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Submitting your first job

Submitting jobs to the cluster requires you to have written a script that defines your workload and metadata about it. Lucky for you, we’ve written a handy example-creator called slurm-make-examples.sh. It will copy some examples into your home directory.

Note

This script is currently broken but the NON modified files live in /shared/slurm/examples. Be sure to edit these examples and replace any instance of USER with your uername!

Run:

[abc1234@tropos ~ []]$ slurm-make-examples.sh
** Placing examples in /home/abc1234/slurm-examples-2011-12-09
...
** Done copying to /home/abc1234/slurm-examples-2011-12-09
** Replacing all instances of 'USER' with 'abc1234'.
** Done replacing in /home/abc1234/slurm-examples-2011-12-09

Now take a look at your home directory and change into the newly created examples directory:

[abc1234@tropos ~ []]$ ls -alh
drwx------ 106 abc1234 abc1234  36K Dec  9 16:36 .
drwxr-xr-x   5 root    root      0  Dec  9 16:28 ..
drwxrwx---   5 abc1234 abc1234 2.0K Dec  9 16:36 slurm-examples-2011-12-09

[abc1234@tropos ~ []]$ cd slurm-examples-2011-12-09/

[abc1234@tropos slurm-examples-2011-12-09 []]$ ls -alh
total 192K
drwxrwx---   5 abc1234 abc1234 2.0K Dec  9 16:36 .
drwx------ 106 abc1234 abc1234  36K Dec  9 16:36 ..
drwxr-x---   2 abc1234 abc1234 2.0K Dec  9 16:36 example-1-simple-jobs
drwxr-x---   2 abc1234 abc1234 2.0K Dec  9 16:36 example-2-basic-looping
drwxr-x---   2 abc1234 abc1234 2.0K Dec  9 16:36 example-3-job-dependency-and-dynamic-node-claiming

There are three examples there. Change directory into the first one and list its contents:

[abc1234@tropos slurm-examples-2011-12-09 []]$ cd example-1-simple-jobs/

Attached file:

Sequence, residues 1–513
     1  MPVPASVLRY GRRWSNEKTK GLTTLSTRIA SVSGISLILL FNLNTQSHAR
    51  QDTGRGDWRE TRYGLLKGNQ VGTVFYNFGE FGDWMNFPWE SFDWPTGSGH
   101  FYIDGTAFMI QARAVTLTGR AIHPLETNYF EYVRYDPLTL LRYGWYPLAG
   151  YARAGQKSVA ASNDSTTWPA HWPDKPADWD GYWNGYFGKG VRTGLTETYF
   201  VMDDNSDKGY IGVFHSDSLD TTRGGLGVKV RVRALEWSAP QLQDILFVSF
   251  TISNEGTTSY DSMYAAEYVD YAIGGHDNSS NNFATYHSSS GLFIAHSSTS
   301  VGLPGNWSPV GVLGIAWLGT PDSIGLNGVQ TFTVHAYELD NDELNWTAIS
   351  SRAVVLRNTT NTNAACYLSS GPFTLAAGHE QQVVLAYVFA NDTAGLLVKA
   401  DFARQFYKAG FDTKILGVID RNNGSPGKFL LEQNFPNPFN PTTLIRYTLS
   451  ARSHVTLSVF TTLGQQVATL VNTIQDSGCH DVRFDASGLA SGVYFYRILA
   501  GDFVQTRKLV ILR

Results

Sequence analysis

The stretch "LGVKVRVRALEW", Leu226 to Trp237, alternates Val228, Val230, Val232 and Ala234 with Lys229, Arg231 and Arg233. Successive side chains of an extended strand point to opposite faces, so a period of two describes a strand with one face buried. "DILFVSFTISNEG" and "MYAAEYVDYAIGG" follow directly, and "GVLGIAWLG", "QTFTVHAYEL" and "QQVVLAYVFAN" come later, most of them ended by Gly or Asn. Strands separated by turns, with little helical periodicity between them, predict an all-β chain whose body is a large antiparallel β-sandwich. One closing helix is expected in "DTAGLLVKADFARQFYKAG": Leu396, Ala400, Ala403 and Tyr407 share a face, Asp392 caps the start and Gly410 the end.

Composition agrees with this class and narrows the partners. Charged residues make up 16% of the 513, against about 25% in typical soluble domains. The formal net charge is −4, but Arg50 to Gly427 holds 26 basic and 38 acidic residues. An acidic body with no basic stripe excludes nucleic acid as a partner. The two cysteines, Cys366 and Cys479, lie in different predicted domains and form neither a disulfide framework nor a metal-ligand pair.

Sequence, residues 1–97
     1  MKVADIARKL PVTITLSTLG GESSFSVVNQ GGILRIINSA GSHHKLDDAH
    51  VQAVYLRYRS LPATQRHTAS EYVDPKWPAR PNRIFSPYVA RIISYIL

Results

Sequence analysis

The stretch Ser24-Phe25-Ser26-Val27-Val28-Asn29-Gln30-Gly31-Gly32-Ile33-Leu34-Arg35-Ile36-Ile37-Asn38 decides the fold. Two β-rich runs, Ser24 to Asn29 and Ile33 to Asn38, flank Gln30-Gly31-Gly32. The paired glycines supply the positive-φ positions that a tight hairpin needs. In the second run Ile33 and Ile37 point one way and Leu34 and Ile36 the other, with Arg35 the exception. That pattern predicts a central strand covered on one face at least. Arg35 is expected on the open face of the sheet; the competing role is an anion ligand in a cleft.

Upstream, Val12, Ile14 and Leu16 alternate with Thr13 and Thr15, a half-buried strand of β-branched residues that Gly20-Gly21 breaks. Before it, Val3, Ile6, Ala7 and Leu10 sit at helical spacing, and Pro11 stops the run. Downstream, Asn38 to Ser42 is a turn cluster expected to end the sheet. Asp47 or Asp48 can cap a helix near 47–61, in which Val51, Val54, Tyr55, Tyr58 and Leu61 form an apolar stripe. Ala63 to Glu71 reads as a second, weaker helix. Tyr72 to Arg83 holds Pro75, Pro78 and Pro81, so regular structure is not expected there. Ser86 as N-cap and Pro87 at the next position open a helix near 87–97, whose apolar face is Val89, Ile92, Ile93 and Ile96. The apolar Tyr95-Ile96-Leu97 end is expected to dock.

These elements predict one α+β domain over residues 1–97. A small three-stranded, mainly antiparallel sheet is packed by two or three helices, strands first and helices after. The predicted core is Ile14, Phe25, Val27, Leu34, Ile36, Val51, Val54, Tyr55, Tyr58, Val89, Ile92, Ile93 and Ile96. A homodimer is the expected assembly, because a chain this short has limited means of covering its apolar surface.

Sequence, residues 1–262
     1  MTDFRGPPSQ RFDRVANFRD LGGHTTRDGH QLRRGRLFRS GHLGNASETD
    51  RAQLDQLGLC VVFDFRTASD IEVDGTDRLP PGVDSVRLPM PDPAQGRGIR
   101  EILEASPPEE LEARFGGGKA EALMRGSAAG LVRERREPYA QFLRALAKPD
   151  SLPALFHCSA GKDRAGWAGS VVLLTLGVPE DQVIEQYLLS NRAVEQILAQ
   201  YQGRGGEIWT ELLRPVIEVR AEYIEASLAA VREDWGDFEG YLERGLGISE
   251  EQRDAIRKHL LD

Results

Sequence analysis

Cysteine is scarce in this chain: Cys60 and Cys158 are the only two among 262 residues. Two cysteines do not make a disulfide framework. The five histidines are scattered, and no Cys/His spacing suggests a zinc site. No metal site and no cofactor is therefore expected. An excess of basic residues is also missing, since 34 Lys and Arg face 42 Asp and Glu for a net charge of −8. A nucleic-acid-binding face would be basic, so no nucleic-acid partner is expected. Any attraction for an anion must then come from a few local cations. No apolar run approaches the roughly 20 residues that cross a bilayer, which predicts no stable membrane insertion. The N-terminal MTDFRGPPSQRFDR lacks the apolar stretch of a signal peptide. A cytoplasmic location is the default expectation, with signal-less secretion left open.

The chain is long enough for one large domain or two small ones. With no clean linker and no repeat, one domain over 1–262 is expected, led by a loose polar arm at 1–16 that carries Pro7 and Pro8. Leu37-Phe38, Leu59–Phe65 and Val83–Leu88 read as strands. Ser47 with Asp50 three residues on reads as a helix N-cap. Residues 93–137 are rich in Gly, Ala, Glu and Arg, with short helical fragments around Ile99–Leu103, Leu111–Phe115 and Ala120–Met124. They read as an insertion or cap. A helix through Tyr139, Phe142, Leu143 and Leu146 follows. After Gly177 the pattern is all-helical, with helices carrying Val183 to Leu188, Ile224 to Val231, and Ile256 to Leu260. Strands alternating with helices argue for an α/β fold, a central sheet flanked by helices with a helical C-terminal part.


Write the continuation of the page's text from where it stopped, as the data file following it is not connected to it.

[abc1234@tropos example-1-simple-jobs []]$ ls -alh
total 160K
drwxr-x--- 2 abc1234 abc1234 2.0K Dec  9 16:36 .
drwxrwx--- 5 abc1234 abc1234 2.0K Dec  9 16:36 ..
-rwxrwx--- 1 abc1234 abc1234 1.3K Dec  9 16:36 slurm-mpi.sh
-rwxrwx--- 1 abc1234 abc1234 1.2K Dec  9 16:36 slurm-single-core.sh
-rwxrwx--- 1 abc1234 abc1234 1.3K Dec  9 16:36 slurm-smp.sh

The file we’re going to be working with first is slurm-single-core.sh. It is a SLURM job file that describes...

  1. Metadata about the job we’re going to submit
  2. The payload of the job; the actual work we want to get done.

Let’s take a look at it. Run the following command, less slurm-single-core.sh:

[abc1234@tropos example-1-simple-jobs []]$ less slurm-single-core.sh
#!/bin/bash -l
# NOTE the -l flag!
#

# This is an example job file for a single core CPU bound program
# Note that all of the following statements below that begin
# with #SBATCH are actually commands to the SLURM scheduler.
# Please copy this file to your home directory and modify it
# to suit your needs.
#
# If you need any help, please email rc-help@rit.edu
#

# Name of the job - You'll probably want to customize this.
#SBATCH -J test

# Standard out and Standard Error output files
#SBATCH -o test.output
#SBATCH -e test.output

#SBATCH --mail-user abc1234@rit.edu

# notify on state change: BEGIN, END, FAIL or ALL
#SBATCH --mail-type=ALL

# Request 5 minutes run time MAX, anything over will be KILLED
#SBATCH -t 0:5:0

# Put the job in the "debug" partition and request one core